A few thoughts:
- Bill James started the ball of modern statistical analysis rolling with his work in baseball analysis, which led eventually to Moneyball. I guess everybody knows that story by now.
- James' entire project sprung from the insight that baseball is a fundamentally individual sport. By far, the greater part of the competition is determined by the individual performances of pitchers and batters. It should therefore be possible, with enough data and rigorous analysis, to seperate team performance from individual statistics - that is, to determine how many Wins each player is producing. This was the genesis of the Win Shares theory of statistical analysis. The idea was that traditional statistics were worse at measuring player performance than what could be derived.
- Basketball is maybe the single worst team sport for application of this type of analysis because of how much time the starters spend together on the court. Seperating individual contributions with so much overlapping time is a statistical nightmare. The jury is still very much out as to whether the derived statistics are more valuable than the traditional ones.
- Applied to the projection of college performances to the pros, modern statistical analysis is even more questionable. The guys at Wages of Wins have only been doing actual predictions since the 2010 draft, so it is in many ways too early to tell, but we can say a few things about their projections for the 2010 draft. We'll use their preferred statistic, WS/48, to make our comparisons, with a minimum of 1500 minutes played: 2010 Draft Projections:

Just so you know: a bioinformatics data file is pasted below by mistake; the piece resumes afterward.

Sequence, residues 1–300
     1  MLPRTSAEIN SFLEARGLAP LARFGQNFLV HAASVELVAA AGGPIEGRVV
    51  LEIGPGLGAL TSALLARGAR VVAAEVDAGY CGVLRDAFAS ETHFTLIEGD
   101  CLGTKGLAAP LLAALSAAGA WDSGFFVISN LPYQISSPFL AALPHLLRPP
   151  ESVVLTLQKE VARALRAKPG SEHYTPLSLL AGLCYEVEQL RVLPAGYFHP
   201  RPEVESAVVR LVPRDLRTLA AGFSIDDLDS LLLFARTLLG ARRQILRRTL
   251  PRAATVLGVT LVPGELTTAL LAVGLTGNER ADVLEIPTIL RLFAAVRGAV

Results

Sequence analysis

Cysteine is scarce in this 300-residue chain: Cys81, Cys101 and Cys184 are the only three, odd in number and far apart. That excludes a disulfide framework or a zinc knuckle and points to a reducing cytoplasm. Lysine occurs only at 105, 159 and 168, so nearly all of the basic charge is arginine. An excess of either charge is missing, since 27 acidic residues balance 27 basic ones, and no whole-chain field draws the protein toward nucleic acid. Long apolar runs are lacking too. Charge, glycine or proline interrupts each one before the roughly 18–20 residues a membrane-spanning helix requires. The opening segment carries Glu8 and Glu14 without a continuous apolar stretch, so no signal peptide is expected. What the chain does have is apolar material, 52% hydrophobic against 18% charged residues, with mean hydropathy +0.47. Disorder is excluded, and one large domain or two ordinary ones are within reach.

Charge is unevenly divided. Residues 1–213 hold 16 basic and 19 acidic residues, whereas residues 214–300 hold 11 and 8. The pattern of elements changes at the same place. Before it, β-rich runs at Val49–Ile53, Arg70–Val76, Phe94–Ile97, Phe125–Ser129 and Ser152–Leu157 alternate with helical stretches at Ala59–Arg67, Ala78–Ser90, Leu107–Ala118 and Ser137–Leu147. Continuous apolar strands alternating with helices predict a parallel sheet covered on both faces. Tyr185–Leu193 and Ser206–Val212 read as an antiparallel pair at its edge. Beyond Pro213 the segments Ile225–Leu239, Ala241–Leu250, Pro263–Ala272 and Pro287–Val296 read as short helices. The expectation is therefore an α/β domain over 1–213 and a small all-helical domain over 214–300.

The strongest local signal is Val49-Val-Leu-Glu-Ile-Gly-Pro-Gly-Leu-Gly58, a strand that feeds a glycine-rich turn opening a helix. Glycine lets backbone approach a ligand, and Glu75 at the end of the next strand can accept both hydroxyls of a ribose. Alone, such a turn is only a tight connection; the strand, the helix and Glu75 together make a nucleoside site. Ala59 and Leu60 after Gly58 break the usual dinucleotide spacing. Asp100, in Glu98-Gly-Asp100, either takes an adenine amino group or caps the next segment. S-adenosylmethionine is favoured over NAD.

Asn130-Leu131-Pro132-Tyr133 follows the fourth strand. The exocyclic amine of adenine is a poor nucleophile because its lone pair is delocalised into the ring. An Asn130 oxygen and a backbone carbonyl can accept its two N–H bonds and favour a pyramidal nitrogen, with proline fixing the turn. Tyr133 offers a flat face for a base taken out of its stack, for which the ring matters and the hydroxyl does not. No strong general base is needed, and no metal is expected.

Actual Draft Results/Production: http://www.basketball-reference.com/draft/NBA_2010.html
A quick rundown of where WoW's projections has done substantially better or worst than actual NBA front offices since the 2010 draft.
- Ed Davis: WoW rank 4th. WS/48 rank 3rd. Drafted 13th. Age at draft: 21.
- Landry Fields: WoW rank 8th. WS/48 rank 6th. Drafted 39th. Age at draft: 21 (three days from 22nd birthday)
- Quincy Pondexter: WoW rank 18th. WS/48 rank 9th. Drafted 26th. Age at draft: 22.
- Wesley Johnson: WoW rank 19th. WS/48 rank 19th. Drafted 4th. Age at draft: 22 (two weeks from 23rd birthday)
- John Wall: WoW rank 32nd. WS/48 rank 16th. Drafted 1st. Age at draft: 19. (Yeah, I know Wall's career WS/48 isn't great yet, but seriously...32nd?!)
- Greg Monroe: WoW rank 20th. WS/48 rank 1st. Drafted 7th. Age at draft: 20.
- Paul George: WoW rank 21st. WS/48 rank 2nd. Drafted 10th. Age at draft: 20.
- Gordon Heyward: WoW rank 16th. WS/48 rank 7th. Drafted 9th. Age at draft: 20.
- Patrick Patterson: WoW rank 25th. WS/48 rank 8th. Drafted 14th. Age at draft: 21.
- Kevin Seraphin: WoW rank 52nd. WS/48 rank 10th. Drafted 17th. Age at draft: 20.
- Avery Bradley: WoW rank 51st. WS/48 rank 12th. Drafted 19th. Age at draft: 19.
- Greivis Vasquez: WoW rank 39th. WS/48 rank 16th. Drafted 28th. Age at draft: 23.
- Eric Bledsoe: WoW rank 50th. WS/48 rank 20th. Drafted 18th. Age at draft: 20.
What can we say from this? Well, first, it is a very limited study. We'd need another ten years to properly assess how well WoW's long-term projections do for these players. That being said, WoW explicitly states that their projections are meant only over the life of the rookie contract - the first four years. So looking at their performance after two seasons is not so out of line. It seems that WoW's model does quite well for upperclassmen. With players 21 and over, WoW scores big wins over NBA front offices four times, and misses twice. With players 20 and younger, WoW does very poorly vs. NBA front-offices, and is especially miserable inside the top-10.
Guess who WoW (and pretty much all of the modern analytical tools) hates this year: Yeah...Harrison Barnes. Food for thought.